There’s widespread uncertainty about the impact of the new tax code on families and companies. And people running not-for-profit charities are concerned donations they rely on to serve people in need may dwindle. The Center for Non-Profits President Linda Czipo spoke with Correspondent Lyndsay Christian.
Christian: Linda, so earlier this month there were two major not-for-profit conferences in which about 350 groups were in attendance. What were some of the issues discussed?
Czipo: A lot of different trends and concerns facing the nonprofit community. We talked about how to manage in turbulent times at the Investors Bank conference. At the Center for Non-profits conference, we focused on power in numbers. How nonprofits can come together in terms of collaboration and solving problems and advocating for their own well-being.
Christian: And some of those conversations overall, how do not-for-profits feel about the state of charitable giving?
Czipo: There is a lot of uncertainty right now. The economy is not quite proceeding the way that we’d hoped. The recovery has been a little bit slow and there is a lot of uncertainty with respect to what’s going to happen with the tax bill at the federal level. There are a lot of concerns with the tax bill because technically the charitable giving deduction is still in the bill, but because the standard deduction is raised, fewer people will be able to take it. That’s going to create a big disincentive for people to give to charity. The Johnson Amendment, which is the language that would prohibit charities from engaging in political speech, that is something we wanted out of the bill. We wanted to keep charities nonpartisan and fortunately that happened. The estate tax threshold is still going up and that’s another disincentive to charitable giving. So, we are very concerned about the impact this bill will have on charities, their ability to solicit donations that they need to provide the services that people need in communities.
Christian: When people think about giving, this is the holiday season, but you just mentioned there that there may be some confusion or people don’t think that deduction will matter. What are some other factors that would lead people not to give?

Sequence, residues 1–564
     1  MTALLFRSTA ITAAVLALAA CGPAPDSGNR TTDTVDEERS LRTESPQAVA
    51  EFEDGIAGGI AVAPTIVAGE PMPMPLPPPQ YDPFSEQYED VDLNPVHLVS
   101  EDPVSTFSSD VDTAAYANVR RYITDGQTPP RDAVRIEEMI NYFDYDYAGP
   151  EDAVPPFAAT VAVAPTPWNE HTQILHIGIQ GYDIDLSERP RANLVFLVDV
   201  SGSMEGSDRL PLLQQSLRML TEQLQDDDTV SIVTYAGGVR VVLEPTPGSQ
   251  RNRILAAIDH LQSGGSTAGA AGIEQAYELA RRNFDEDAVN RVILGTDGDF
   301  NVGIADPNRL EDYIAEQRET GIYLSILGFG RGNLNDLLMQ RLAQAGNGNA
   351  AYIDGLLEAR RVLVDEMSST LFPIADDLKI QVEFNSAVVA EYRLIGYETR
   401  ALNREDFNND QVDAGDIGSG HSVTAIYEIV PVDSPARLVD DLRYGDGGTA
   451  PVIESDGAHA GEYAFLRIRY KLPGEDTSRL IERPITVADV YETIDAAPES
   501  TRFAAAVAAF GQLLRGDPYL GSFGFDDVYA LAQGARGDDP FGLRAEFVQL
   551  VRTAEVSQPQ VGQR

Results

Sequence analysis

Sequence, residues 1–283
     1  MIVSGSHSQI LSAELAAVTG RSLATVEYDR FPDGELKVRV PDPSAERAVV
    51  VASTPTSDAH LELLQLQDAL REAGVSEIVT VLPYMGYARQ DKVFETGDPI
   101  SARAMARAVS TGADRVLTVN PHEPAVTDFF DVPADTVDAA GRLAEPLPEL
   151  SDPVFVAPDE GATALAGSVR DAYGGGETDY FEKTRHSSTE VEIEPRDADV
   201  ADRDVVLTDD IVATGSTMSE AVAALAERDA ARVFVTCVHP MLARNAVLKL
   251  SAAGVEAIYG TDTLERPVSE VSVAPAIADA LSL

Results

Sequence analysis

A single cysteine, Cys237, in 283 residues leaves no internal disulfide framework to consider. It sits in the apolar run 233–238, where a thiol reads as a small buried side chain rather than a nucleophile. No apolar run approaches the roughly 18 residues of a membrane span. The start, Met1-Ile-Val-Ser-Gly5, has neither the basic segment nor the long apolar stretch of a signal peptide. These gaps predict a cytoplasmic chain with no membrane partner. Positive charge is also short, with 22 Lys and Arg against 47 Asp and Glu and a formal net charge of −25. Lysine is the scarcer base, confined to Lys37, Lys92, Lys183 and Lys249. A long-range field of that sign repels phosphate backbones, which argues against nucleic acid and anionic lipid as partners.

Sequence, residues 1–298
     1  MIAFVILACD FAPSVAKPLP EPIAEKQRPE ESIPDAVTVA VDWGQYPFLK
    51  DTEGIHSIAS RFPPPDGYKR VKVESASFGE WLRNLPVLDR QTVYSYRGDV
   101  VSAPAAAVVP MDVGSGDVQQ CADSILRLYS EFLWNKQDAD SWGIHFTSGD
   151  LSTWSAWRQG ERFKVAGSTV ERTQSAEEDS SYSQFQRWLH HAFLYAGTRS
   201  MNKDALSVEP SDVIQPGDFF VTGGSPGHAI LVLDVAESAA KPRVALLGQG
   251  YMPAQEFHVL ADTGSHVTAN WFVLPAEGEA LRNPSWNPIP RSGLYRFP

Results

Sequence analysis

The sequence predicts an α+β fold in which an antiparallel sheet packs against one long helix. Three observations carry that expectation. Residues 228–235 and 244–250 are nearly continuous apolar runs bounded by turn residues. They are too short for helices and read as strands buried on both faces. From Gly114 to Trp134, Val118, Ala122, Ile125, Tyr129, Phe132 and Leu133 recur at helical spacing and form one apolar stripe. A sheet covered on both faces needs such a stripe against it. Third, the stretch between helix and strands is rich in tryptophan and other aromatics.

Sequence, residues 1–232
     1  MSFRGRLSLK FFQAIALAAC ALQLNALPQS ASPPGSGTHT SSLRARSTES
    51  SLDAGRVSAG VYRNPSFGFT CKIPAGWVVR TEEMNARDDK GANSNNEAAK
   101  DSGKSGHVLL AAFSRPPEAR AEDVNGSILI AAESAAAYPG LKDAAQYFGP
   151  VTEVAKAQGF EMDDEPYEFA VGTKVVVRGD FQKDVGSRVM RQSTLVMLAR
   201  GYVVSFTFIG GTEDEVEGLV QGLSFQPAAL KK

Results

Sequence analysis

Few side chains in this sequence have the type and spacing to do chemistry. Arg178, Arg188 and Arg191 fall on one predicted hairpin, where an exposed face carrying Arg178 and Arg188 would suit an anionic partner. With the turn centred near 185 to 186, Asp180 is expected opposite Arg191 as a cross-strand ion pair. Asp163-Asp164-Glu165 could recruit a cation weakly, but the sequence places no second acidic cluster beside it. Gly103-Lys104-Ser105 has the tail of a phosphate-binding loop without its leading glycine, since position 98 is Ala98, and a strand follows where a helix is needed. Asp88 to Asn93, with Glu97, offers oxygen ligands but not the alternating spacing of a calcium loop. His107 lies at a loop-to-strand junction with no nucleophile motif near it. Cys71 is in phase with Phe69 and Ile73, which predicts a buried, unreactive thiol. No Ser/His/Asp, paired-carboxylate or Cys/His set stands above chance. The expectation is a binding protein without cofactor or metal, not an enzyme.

Czipo: I think maybe if they just don’t understand what a charity does. There’s a lot of information that they can find out either by going directly to the charity or going online and checking out what a charity does. There are some myths about what charities need and are allowed to do with the money. Charities need infrastructure support, they need to keep the lights on, they need to be able to hire and retain good people in order to provide the programs that people want to see them do.
Christian: So, we know that the economy is, as you mentioned earlier, it’s in the crux, right? For some people who are doing financially well, they have a little bit more to give. But, my question is why are nonprofits projecting a $13 billion drop in annual charitable giving?
Czipo: That again has to do with the tax reform bill. People can only deduct donations to charity if they itemize on their tax returns. Under the bill, the way it’s crafted, only five percent of taxpayers will actually be able to do that. That means a whole bunch of taxpayers who used to be able to itemize and used to be able to take that deduction won’t be able to anymore. And, we know that there is a link between, at a minimum, the amount that people give and the presence of a tax incentive. So, removing that is going to cause a precipitous drop and we are talking about at least $13 billion a year nationwide.
Christian: That is significant. Let’s look ahead to 2018, however. What is the projection for charitable giving overall or how can people really support and why should they support not-for-profits and nonprofits organizations?
Czipo: I think starting with the why, it’s because nonprofits are there in communities. They are providing the programs and services and education and environmental protection and artistic and spiritual enrichment that people need, and that people look to to keep themselves whole. And, nonprofits are often the first and last stop for people in distress. And unfortunately, the reality is for the last number of years, the demand for the services that nonprofits provide has outpaced the resources that not-for-profits need. So, we’re talking about a situation where nonprofits are already being stretched. So, every dollar every bit of resource and support is critically needed and it’s put to good use.